June 14, 2008 at 4:22 AM
I thought I'd come up with a poll that had as much validity and made as much sense as the recent news stories, spread all over the world via the Internet, that have cast musicians as a bunch of substance abusers. So where do you stand in no-where-land?
Actually, the hysteria lies not in the stories or in the words of our fellow musicians, but in the headlines, like, "Just One More to Calm the Nerves" and "Nigel Kennedy hits out at substance abuse in classical music." Those are written by editors, not by the people who wrote the articles. Blair Tindall's article was simply a first-person observation piece, reasonable enough, touching on myriad points that are worth exploring but distilling most of it with the point: "We, like anyone else, are just people. We're tempted. We say yes or no to drugs. But, because of our discipline, we most often say no: drugs and impairment are not worth risking a lifetime of practice." (And by the way, welcome, Blair.) Kennedy's comments also came from personal observation, basically saying that beta-blockers work on nerves but don't help a bad musician play better; that musicians sometimes drink or have a joint; and that "performing under the influence of alcohol or dope would be cheating the audience."
In other words, a true substance abuser can't perform effectively as classical musician; just as substance abusers tend to fail as bus drivers, tax accountants, parents, etc. etc.
We knew that.
But what of the actual issues of substance abuse, related to musicians?
Every single one of these substances has its own issues. Some are illegal in most places. Some tear families apart. Some are medications doctors prescribe and can be used in a constructive way -- or abused. The same substance that is considered food in one culture may be banned in another. And substances like alcohol and coffee can be acceptable in a person's life but still can have an egregious effect that same person's ability to play music if they are taken before a performance. And then there are prunes.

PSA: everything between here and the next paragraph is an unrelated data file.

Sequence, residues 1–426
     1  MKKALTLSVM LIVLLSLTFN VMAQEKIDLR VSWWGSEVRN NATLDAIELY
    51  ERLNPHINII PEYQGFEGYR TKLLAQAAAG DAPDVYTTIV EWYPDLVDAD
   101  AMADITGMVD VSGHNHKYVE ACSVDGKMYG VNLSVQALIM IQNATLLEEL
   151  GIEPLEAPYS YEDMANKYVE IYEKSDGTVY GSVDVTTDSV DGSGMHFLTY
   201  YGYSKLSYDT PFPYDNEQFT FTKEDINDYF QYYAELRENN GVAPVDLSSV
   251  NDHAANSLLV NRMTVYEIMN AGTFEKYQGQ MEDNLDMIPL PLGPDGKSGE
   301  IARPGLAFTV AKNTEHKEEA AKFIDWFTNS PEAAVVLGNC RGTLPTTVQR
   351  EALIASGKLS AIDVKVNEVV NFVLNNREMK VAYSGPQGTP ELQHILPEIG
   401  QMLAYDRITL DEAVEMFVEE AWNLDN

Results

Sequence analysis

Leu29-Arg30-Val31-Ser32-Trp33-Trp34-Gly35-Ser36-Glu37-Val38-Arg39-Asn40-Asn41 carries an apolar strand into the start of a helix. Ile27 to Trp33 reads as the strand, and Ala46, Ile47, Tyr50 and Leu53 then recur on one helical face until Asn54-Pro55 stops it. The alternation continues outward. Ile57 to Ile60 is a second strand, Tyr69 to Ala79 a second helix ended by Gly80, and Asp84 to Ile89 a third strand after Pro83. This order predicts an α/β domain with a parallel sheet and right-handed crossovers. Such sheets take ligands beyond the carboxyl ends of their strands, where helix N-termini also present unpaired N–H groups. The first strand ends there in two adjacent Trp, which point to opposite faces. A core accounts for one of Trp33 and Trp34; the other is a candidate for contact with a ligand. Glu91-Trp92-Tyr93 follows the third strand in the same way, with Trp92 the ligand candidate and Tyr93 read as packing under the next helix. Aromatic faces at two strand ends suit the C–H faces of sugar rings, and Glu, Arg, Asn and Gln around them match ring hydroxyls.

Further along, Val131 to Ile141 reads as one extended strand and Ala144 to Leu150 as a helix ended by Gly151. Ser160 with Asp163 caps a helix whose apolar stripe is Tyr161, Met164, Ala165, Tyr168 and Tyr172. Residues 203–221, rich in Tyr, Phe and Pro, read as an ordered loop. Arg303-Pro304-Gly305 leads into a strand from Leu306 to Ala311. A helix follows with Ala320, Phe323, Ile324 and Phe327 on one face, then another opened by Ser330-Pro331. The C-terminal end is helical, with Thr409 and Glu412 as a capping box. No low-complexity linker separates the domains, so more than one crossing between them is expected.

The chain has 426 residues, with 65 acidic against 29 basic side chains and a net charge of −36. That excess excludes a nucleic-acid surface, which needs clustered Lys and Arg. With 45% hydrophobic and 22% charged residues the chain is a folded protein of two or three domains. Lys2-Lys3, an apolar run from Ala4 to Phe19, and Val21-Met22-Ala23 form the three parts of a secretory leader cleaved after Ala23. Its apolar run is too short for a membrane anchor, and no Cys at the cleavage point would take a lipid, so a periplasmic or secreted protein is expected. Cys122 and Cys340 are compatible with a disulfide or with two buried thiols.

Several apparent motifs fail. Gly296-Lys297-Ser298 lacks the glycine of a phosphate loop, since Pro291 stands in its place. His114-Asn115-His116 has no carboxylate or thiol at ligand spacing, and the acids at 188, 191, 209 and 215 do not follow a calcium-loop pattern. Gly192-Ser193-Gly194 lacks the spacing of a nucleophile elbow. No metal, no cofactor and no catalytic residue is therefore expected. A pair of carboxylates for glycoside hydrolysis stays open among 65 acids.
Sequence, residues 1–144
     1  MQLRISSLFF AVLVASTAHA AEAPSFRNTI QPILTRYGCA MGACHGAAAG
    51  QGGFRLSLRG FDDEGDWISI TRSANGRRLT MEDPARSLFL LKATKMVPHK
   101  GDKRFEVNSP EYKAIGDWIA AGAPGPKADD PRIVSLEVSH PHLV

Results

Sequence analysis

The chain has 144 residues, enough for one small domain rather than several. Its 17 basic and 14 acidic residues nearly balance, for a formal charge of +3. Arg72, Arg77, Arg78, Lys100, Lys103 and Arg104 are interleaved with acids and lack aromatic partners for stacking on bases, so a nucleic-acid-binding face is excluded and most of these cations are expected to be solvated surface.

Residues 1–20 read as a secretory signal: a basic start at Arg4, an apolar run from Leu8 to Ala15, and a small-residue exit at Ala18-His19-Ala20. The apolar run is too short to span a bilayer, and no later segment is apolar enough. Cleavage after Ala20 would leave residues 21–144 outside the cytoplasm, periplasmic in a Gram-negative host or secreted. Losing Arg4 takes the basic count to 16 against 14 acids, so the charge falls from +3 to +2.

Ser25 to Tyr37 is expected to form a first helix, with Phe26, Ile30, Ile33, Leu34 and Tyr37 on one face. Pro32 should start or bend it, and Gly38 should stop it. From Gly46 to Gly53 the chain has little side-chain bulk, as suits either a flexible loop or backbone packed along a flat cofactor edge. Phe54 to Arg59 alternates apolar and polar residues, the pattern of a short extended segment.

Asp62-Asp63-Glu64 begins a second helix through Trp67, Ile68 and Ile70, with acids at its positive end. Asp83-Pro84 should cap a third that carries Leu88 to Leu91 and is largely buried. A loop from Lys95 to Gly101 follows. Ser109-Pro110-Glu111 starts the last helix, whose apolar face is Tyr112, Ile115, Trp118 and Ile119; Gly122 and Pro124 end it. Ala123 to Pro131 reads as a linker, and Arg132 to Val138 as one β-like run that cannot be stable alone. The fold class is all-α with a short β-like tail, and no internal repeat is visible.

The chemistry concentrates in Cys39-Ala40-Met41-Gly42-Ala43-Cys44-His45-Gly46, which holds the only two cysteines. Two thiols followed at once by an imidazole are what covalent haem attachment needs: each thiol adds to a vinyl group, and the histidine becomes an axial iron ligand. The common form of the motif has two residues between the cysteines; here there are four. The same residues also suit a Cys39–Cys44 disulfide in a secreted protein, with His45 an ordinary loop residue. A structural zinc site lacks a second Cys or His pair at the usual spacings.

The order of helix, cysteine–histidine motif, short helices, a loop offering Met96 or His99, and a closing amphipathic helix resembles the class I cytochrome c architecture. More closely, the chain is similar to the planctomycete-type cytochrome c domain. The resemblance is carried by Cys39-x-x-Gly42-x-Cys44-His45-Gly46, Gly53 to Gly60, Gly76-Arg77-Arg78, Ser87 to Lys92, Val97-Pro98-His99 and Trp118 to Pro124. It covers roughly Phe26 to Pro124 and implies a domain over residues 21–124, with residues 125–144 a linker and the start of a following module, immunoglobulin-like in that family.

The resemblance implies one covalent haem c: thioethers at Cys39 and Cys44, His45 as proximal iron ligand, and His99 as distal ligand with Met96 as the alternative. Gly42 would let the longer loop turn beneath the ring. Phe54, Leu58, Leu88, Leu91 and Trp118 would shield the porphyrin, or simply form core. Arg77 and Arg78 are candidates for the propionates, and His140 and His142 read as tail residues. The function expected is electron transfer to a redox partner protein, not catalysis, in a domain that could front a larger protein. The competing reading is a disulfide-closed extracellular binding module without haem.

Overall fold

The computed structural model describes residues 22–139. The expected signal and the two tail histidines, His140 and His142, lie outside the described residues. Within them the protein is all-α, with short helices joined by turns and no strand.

Does anyone have anything of substance to say?
So both answers? :P
If one is going to take up his or her violin, and has or will consume drugs or alcohol in conjunction with playing, the union of chemical and string is something to think about. Speaking only for myself, I believe the less necessary it is that a person ingests a substance during an endeavor as physically fickle as violin tone production, the more one might examine why one is employing the chemical in the first place.
If you do put the question to yourself and it’s just too hard to answer, or if you have some rather unique answers to the question, or if the mere inquiry makes you feel defensive . . . those do start sounding like denial/rationalization/avoidance components of a larger problem.
Music and addiction are strongly attached to emotional states. I wonder if anyone in science or academia has rigorously studied the interrelationships as pertains to chemically-dependent classical musicians; finding the themes to their adventures.
If some half-wits can make a buck if something's a substance, then it's a substance.
Seriously, beta blockers can hardly be put into a substance abuse category.
Due to time and income constraints, my problem seems to be a massive drug deficiency. I hope to work on it in future.
One of my players made it her MySpace quote, and in less than 12 hours, v-commer and friend Emily found it and asked me about it.
Lesson learned: keep your mouth shut when trying to make bowing decisions under the influence of narcotics, especially when you live in a small town.
This entry has been archived and is no longer accepting comments.
Violinist.com is made possible by...